We’ll next drive 72 miles north and a few years beyond Fort Simcoe to 1875 and Olmstead Place State Historical Park to photograph life on a frontier homestead. The Olmsteads settled along the Altapes Creek in Kittitas Valley. Their modest cabin soon grew into storage and animal sheds. As the prosperity through cattle grew in the region so did the Olmsteads. The homestead now includes a pioneer cabin, original out buildings, a more modern barn and house, plus a heritage garden filled with colorful flowers.
The out buildings are filled with agricultural implements from the 19th and early 20th centuries while the cabin is filled with home making supplies so the visitor can imagine life on the farm on the frontier. Use whatever lens you’re comfortable with and look for patterns and textures in the details.
We’ll need to speed forward a few years to 1909 and 35 miles west to the Chicago, Milwaukee, St Paul and Pacific Railroad South Cle Elum Rail Yard – I just call it the South Cle Elum Rail Yard. As Railroads began to cross the expanse of our nation, a greater number of Euro-Americans made the trek to cities large and small to open libraries, schools, and businesses not entirely dependent on the agrarian culture. The beginning of the industrialization of the west began – very few areas of the west were considered frontier.
Now the South Cle Elum Rail Yard is managed by the Cascade Rail Foundation in partnership with Washington State Parks. It is what is called an affiliated site as it has been preserved through funds and administration of the Washington State Parks Commission. The Milwaukee Road is now a mostly paved trail - the Palouse to Cascades Trail - stretching from North Bend to Vantage with plans to extend the trail when possible.
But our focus is on the old depot. South Cle Elum became a division point where locomotives were serviced and crews switched on and off. Passengers and freight could also board or depart the trains in the points. A short interpretive trail circles a meadow where you can see some of the old foundations of structures needed to run a depot such as the roundhouse and water tank. The depot is open with exhibits and stop by Smokey’s Bar-B-Que next door in the depot for dinner to end your day.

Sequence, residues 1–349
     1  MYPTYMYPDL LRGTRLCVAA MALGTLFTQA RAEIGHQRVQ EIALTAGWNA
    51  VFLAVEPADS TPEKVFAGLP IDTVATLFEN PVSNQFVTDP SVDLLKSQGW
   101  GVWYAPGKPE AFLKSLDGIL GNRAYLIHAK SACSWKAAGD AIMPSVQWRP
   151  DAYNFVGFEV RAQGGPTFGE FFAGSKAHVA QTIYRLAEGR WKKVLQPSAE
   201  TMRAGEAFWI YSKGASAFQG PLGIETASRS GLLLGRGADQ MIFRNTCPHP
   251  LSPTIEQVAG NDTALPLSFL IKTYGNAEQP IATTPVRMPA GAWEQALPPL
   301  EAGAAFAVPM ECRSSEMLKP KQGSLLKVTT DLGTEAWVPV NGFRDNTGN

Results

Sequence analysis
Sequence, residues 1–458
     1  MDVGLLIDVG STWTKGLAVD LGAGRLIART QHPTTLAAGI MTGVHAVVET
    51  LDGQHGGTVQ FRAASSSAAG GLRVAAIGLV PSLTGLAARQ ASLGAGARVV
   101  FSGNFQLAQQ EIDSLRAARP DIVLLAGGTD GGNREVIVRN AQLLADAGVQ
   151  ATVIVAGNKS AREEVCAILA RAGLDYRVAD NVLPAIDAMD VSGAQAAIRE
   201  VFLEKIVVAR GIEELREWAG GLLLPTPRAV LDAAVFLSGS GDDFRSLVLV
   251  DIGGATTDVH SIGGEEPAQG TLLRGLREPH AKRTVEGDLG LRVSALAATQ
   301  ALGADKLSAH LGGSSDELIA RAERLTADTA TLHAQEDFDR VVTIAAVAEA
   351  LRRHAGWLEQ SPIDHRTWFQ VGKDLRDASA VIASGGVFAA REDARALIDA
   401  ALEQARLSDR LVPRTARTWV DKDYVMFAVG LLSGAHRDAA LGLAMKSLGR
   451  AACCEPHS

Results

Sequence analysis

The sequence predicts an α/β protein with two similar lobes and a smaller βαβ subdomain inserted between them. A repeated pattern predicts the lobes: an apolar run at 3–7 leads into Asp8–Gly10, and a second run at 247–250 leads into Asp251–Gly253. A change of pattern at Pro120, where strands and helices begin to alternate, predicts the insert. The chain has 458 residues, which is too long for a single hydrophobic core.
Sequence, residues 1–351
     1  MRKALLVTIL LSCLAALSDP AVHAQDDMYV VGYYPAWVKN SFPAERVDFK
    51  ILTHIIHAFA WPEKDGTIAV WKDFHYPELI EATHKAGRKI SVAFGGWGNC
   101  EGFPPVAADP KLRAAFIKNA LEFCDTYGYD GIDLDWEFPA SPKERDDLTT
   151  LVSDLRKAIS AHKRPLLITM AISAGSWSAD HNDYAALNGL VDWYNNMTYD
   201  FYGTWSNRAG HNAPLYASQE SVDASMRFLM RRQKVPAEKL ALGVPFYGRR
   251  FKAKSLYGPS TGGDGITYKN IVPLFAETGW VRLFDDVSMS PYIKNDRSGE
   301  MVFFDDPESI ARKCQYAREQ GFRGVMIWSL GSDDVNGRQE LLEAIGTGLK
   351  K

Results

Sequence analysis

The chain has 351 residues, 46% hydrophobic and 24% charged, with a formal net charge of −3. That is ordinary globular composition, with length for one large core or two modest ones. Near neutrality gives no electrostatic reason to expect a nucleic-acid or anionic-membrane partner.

Directions from Yakima, 106 miles between parks
To get to Fort Simcoe from Yakima: Drive south on I-82 for 7.5 miles to Lateral A Road. Turn right and follow Lateral A Rd for 10 miles to Fort Road. Turn right on Fort road and follow to White Swan in 14 miles. Turn Left on Signal Peak Road then another right onto Fort Simcoe Road. The park will be on your left.
Fort Simcoe to Olmstead Place: Go backwards from the above directions and pass through Yakima on I-82 heading north until the Thrall Road exit just before the junction with I-90. Turn left onto Thrall Road and another left onto Number 6 Road. In 4 miles, turn right onto Kittitas Hiway and follow to the park on your right.
Olmstead Place to South Cle Elum Railyard: Head back out to Kittitas Highway and turn left, follow into Ellensburg to Canyon Road. Turn left on Canyon Rd then another left onto I-90 westbound. In 25 miles, take exit 84 from I-90. Turn right onto Oakes Ave in Cle Elum follow to 1st Ave then turn Left. Make another left onto S Cle Elum Way. Follow S Cle Elum way into South Cle Elum then turn right onto Madison Ave. Turn left onto 6th and another right onto Milwaukee Ave. The depot and park will be on your left.